Aviaries: Alternative housing for layers
Aviary/multi-tier systems have potential to be incorporated into barns or free-range units to meet today's welfare standards.
European Union (EU) proposals set out in Directive 1999/74/EC will result in a reduction in stocking density from 11.7 to 9.0 birds/m2 for all units producing barn or free-range eggs from 1 January 2012, and for all newly built or rebuilt systems from January 2002. This, in effect, means a reduction in bird numbers of around 23%. With a ban on conventional (battery) cages and an ever increasing demand for eggs from alternative (non-cage) production systems, EU egg producers could be stretched to the limit to maintain shell egg supplies within the next four years. Clearly, there will need to be significant investment if bird numbers kept in alternative systems are to be maintained let alone increased to supply the gap in egg supply as a result of the cage ban.
The new rules pose two problems:
- How can producers effectively maintain bird numbers when forced to reduce stocking density down to 9 birds/m2?
- How can investment in a new house ensure optimum use of available floor space?
A simple and economical route appears to be the introduction of aviary (or multi-tier) systems in existing or new houses since the usable area available to the birds is increased within any concrete footprint. ‘Concrete footprint' refers to the available floor area within the house prior to the introduction of tiers/aviaries.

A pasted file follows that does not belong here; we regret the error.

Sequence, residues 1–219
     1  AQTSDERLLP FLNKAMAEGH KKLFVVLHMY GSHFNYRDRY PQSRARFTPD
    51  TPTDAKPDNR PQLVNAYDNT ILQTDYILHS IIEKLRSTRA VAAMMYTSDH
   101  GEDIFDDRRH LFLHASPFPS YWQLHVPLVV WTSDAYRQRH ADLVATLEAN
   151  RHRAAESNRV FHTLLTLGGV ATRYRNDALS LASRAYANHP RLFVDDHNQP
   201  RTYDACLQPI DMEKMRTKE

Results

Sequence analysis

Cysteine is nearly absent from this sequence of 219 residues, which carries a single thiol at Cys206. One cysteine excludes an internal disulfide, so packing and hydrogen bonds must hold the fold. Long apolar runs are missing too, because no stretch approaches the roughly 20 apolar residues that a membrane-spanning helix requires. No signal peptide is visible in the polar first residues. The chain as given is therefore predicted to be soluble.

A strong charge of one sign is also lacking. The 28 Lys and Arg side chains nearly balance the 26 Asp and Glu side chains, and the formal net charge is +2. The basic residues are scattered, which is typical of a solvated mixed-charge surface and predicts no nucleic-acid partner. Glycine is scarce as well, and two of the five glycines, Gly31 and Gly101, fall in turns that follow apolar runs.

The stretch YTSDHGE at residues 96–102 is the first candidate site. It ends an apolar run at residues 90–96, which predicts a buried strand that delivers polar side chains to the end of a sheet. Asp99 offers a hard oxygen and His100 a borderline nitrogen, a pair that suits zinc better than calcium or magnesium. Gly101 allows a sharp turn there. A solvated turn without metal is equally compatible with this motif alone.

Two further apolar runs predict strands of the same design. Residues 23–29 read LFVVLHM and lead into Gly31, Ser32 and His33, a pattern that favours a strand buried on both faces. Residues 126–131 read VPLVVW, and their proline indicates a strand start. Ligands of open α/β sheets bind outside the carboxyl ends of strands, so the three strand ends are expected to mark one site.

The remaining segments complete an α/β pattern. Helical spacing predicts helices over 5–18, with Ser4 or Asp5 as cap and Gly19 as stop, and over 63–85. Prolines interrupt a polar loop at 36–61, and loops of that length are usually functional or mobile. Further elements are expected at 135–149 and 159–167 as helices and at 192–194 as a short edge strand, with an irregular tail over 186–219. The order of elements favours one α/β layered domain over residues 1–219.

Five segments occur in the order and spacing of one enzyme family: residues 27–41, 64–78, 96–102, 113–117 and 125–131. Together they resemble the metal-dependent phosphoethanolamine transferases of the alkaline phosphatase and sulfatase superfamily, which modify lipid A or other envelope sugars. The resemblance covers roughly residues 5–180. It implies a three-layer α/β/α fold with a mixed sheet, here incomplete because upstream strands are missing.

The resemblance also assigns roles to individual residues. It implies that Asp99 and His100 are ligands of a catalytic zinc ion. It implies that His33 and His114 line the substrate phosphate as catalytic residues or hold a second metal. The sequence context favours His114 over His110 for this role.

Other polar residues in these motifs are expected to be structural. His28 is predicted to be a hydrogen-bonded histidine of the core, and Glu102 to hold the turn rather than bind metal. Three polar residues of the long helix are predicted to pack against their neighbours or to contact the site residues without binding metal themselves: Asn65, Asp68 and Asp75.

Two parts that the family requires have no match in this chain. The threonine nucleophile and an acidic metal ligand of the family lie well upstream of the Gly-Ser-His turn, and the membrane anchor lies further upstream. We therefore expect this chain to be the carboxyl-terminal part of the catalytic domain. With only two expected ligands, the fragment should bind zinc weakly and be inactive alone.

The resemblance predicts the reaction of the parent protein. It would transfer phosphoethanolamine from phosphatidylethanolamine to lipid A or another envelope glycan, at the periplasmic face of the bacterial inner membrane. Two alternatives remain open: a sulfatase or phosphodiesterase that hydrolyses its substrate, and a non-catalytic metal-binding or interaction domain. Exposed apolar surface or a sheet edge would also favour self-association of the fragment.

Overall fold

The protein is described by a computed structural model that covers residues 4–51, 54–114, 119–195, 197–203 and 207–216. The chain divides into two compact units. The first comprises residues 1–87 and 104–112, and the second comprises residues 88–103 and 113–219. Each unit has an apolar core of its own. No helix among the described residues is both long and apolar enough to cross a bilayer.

Modification of existing buildings
In a typical conventional layer house layout, free-range unit bird numbers can be increased simply by reducing the slatted area by around 45% either side of the nests and installing a two- or three-tier unit in the scratching area. The regulations require that the tiers be arranged to prevent droppings falling on the tiers below. The extra tiers are classed as usable area and can be added to the concrete footprint of the house. In addition, the tiers can incorporate extra feeders and perches.
In this example, the conventional house stocked at 11.7 birds/m2 will accommodate 13,137 birds. Stocked at 9.0 birds/m2, bird number drops to 10,133. Modifying the house in the way described increases bird numbers to 14,303 while still giving a stocking rate of 9.0 birds/m2 an increase of over 41.5%. Compared to the house originally stocked at 11.7 birds/m2, bird numbers are increased by around 8.5%.
For new houses, the aviary system offers the opportunity to make significant savings because extra tiers increases usable area significantly. At the same time, the aviary can be designed to incorporate nests, feeders, drinkers and perches. In most situations, required bird numbers can be achieved by combining tiers with nests with a row of tiers without nests.
In a typical 16,000-bird conventional unit, a building measuring 96m x 20.11m is required. Where aviaries are employed, the same number of birds can be housed in a building measuring 78.35m x 15m a saving' of around 18% on building length and 25% in width. The smaller building offers a clear cost benefit and improves the chances of obtaining planning permission.
Where there are no height restrictions, more sophisticated systems can be used. These require less blueprint floor space thereby significantly reducing house size and costs and incorporate nests, drinkers, feeders, perches, automatic manure removal and climate control.
Rearing for aviary/multi-tier systems
Pullets destined for aviary/multi-tier systems should be trained to jump in order to reach feed and water during the rearing phase. This will accustom the birds to move between different levels. A specific rearing aviary has been developed to encourage chicks as young as four weeks of age to move between different tiers for feed and water.
Specialised aviary layout